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The 42nd Anniversary of the Space Shuttle Columbia’s First Flight

Forty-two years ago on April 12, 1981, the Space Shuttle Columbia launched as the United States' first reusable shuttle from Kennedy Space Center. The Columbia would become the first space shuttle to ever launch into orbit and would go on to produce many advancements in science. Its history is deeply rooted in the Antelope Valley.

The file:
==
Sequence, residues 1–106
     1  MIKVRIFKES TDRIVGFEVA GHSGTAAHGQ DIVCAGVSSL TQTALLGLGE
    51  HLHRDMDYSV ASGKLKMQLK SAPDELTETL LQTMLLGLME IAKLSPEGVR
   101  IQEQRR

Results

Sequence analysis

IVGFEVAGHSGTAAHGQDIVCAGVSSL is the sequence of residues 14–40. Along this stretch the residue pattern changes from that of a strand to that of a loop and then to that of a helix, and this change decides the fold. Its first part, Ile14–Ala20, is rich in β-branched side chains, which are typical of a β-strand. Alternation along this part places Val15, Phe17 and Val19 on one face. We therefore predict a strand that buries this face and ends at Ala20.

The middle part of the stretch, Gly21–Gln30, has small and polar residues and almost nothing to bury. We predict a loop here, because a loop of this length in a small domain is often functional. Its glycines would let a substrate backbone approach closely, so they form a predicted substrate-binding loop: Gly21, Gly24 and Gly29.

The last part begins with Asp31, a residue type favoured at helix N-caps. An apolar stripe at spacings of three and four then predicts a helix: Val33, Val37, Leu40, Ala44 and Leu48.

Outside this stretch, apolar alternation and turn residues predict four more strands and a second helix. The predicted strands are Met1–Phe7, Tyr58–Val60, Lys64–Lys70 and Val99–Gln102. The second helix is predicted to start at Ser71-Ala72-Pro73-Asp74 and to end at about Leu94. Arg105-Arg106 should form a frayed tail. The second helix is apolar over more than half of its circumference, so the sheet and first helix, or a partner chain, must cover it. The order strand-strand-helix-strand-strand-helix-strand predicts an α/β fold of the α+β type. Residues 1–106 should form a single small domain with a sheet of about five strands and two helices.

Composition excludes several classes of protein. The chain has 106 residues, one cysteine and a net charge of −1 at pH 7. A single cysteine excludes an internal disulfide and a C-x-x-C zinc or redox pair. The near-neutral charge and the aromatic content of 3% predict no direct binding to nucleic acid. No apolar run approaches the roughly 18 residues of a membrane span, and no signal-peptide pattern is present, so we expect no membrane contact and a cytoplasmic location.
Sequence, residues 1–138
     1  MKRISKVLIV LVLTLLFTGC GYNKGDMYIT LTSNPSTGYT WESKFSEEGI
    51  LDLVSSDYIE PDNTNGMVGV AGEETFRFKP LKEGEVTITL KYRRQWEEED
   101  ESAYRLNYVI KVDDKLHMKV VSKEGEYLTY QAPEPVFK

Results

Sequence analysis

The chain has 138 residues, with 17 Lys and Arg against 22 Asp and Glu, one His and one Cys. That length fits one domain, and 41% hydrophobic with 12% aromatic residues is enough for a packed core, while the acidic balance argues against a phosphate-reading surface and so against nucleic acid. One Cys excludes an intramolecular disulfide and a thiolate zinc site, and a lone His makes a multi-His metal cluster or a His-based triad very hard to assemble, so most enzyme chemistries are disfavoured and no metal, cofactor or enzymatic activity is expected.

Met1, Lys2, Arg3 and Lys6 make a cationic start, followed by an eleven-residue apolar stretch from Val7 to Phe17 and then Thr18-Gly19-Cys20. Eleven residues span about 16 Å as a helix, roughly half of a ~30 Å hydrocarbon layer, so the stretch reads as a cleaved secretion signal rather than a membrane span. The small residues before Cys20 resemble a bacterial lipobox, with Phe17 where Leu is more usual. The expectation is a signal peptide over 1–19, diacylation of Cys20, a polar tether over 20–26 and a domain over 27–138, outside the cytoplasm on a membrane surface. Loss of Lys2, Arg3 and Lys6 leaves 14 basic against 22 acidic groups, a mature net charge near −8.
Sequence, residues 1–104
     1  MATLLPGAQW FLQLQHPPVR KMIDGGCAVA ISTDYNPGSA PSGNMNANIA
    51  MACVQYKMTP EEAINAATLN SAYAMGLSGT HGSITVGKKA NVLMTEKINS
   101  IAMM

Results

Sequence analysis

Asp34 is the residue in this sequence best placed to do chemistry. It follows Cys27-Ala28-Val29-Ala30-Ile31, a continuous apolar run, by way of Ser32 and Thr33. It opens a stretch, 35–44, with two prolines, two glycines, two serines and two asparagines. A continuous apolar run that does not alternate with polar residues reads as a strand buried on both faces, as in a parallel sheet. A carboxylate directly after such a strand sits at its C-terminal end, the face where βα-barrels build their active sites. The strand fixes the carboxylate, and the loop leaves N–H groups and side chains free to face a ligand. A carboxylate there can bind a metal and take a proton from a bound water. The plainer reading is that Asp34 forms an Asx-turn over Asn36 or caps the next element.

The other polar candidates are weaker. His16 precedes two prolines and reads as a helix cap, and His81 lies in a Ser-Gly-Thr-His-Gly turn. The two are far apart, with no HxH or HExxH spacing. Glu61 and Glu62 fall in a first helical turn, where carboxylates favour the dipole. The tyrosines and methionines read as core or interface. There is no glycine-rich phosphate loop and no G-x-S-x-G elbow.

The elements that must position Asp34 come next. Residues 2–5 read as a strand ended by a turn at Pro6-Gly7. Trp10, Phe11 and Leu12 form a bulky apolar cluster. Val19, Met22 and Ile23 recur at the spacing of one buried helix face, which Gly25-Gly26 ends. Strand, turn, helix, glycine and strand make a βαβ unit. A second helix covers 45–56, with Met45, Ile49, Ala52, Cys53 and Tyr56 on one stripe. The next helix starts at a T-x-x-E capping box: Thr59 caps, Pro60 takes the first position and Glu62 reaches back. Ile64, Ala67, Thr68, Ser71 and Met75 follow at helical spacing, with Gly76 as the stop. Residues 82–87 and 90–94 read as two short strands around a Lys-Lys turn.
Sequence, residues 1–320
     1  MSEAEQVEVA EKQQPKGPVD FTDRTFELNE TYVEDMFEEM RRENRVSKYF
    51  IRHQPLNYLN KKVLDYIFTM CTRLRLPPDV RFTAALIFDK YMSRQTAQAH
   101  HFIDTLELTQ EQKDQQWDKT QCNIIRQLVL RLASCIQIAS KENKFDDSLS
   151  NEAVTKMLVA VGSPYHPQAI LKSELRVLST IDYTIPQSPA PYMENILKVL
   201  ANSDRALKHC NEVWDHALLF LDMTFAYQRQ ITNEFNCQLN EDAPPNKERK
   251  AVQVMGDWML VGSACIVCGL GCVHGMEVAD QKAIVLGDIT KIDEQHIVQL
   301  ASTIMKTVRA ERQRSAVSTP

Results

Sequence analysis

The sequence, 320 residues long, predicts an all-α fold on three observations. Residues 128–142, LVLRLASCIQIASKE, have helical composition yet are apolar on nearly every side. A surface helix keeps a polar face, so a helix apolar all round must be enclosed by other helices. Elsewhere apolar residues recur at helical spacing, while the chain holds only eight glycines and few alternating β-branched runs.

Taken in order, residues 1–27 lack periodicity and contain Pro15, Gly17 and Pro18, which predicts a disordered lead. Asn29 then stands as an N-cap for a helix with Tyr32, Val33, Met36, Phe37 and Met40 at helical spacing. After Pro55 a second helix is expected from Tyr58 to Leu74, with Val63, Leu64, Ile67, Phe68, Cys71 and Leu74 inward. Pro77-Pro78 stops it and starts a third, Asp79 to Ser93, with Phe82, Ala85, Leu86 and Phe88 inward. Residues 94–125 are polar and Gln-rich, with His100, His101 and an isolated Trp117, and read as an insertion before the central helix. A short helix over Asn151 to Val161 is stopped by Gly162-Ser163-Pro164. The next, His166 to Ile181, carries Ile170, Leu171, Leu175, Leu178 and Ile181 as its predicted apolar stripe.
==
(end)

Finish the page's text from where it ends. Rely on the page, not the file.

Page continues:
The Columbia was first born at Rockwell International’s Palmdale assembly plant. Construction of the Columbia would begin after the contract was first awarded in July of 1972 and the shuttle was named after the first American ocean vessel to circle the globe. The Columbia is known for many historic firsts in space exploration, including being the command module for the Apollo 11 Moon landing. The Space Shuttle mission STS-9 in November 1983 was the maiden flight for Spacelab- a place designed to be a space-based science lab inside the Columbia’s cargo bay. Inside the Spacelab, astronauts would use the lab to study astronomy, biology, and other sciences while aboard. Spacelab would end on its 16th and final mission on the Columbia in 1998 (NASA, 2005).